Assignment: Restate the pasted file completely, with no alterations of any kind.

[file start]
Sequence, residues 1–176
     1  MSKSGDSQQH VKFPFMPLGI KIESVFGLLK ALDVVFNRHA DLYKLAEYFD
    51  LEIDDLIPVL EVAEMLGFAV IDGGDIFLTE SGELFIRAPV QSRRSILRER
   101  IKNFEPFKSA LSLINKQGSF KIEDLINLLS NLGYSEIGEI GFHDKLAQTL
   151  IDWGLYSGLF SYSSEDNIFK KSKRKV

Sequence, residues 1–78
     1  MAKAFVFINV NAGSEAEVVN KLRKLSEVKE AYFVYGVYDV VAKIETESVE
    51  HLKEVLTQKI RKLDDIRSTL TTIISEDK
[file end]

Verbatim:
Sequence, residues 1–176
     1  MSKSGDSQQH VKFPFMPLGI KIESVFGLLK ALDVVFNRHA DLYKLAEYFD
    51  LEIDDLIPVL EVAEMLGFAV IDGGDIFLTE SGELFIRAPV QSRRSILRER
   101  IKNFEPFKSA LSLINKQGSF KIEDLINLLS NLGYSEIGEI GFHDKLAQTL
   151  IDWGLYSGLF SYSSEDNIFK KSKRKV

Sequence, residues 1–78
     1  MAKAFVFINV NAGSEAEVVN KLRKLSEVKE AYFVYGVYDV VAKIETESVE
    51  HLKEVLTQKI RKLDDIRSTL TTIISEDK